A new exhibit and two special presentations at the Big Well Museum in Greensburg focus on the importance of water to small town survival in western Kansas
Water is a basic resource some might take for granted, but not Stacy Barns, Director of Greensburg Tourism and the Big Well Museum.
"Water has played a huge part in Greensburg's history and survival as a town," Barns said. "From our town's beginnings and the digging of the Big Well to conservation efforts in the rebuilding after the tornado, water has been vital to there being a town here."
A new Water/Ways exhibit at the museum, and another traveling exhibit in Dodge City, bring the focus of many back to the basic simplicities of water, and how important it is to the survival of many small Kansas towns.
"Are you curious about where your city drinking water comes from and how it gets to your faucet?" Barns asked. "We can answer that here with this new exhibit at the Big Well."
Two seminars at the Greensburg museum have also been scheduled to shed more light on the subject of western Kansas water. The first one on the Ogallala aquifer and other past and present water facts was last Saturday at the museum and it was sparsely attended.
"I am hoping we can get a better crowd for the second presentation this Saturday (10/7) at 2 p.m.," Barns said. "This is really very important stuff."
The second seminar coming this Saturday features the knowledge of Aaron Barnhart, who work as an author focuses on history, civil society, rural America and the importance of food ways.
"Natural resources are not only vitally important to the economy of Kansas, they have contributed mightily to the quality of life for generations of Kansans," he said. "And these resources are facing unprecedented challenges."
The traveling Water/Ways exhibit at Dodge City is sponsored by the Kansas Humanities Council and the Smithsonian Institution. It focuses on the ways water shapes human lives, including understanding where a community’s water comes from, what the future holds for water, and what visitors can do for water in their hometowns. Hands-on activities encourage visitors to follow Kansas’s waterways and watersheds on a giant floor map and to consider how much water is needed to produce everyday items like a pair of blue jeans or a gallon of milk.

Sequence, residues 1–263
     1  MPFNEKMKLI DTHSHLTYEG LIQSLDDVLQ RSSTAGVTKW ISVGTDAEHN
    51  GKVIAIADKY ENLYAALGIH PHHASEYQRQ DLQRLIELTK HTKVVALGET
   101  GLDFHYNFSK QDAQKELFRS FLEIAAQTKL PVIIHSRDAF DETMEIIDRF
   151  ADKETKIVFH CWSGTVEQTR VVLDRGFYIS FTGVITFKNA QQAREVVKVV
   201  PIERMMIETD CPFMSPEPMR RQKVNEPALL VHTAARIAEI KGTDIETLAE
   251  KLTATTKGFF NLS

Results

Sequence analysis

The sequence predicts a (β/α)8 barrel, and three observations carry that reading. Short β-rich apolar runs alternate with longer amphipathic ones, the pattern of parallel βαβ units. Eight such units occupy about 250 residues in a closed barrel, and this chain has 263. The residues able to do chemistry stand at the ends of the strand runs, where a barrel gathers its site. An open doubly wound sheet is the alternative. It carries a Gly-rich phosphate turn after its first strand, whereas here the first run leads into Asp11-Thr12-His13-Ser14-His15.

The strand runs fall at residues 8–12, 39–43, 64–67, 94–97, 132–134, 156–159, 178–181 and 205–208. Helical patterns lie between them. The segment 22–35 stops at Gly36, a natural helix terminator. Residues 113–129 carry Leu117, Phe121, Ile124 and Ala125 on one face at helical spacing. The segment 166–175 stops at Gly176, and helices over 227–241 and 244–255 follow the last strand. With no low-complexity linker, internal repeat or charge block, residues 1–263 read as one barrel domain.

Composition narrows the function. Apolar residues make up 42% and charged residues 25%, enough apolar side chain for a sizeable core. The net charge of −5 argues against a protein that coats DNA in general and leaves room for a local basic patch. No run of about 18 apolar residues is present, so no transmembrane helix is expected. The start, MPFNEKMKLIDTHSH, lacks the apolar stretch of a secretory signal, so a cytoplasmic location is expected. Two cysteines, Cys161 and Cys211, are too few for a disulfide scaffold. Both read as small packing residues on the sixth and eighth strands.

The display is available September 30 to November 12, 2017, at the Boot Hill Museum, 500 W. Wyatt Earp Boulevard in Dodge City.
In Greensburg, the water exhibition is titled “Greensburg: Looking Down to Think Forward.” It tells the triumph of engineering in the digging of the Big Well that served as the city’s water source from 1888 to 1932.
"Hand dug wells were quite common back then as there is not much surface water (rivers, lakes) in western Kansas," Barns said. "The Big Well was dug for Greensburg's water supply and briefly served a rail line that ran through town just south of the well. 10 to 15 men a day were hired to work and paid 50 cents to $1 a day. They weren't trying to set any records for size. They just wanted a plentiful and reliable source of water for the growing, new town."
According to Barns, many towns had wells like this that were later filled in as modern wells were drilled. The Big Well quit being used in 1932 when the state banned the used of open wells for public consumption. Luckily for the city, it was not filled in. In 1939 it opened as a tourist attraction and brought in millions of visitors since then.
"Conversations about natural resources are always important, especially water," Barns said. "Often we take for granted resources we have until supplies are diminished or gone. It's good to discuss before problems occur, to learn more about where our resources come from and how to be good stewards of them."
The seminar led by Barnhardt begins at 2 p.m. this Saturday at the Big Well Museum. The traveling exhibit will be available for viewing during museum hours until November 15.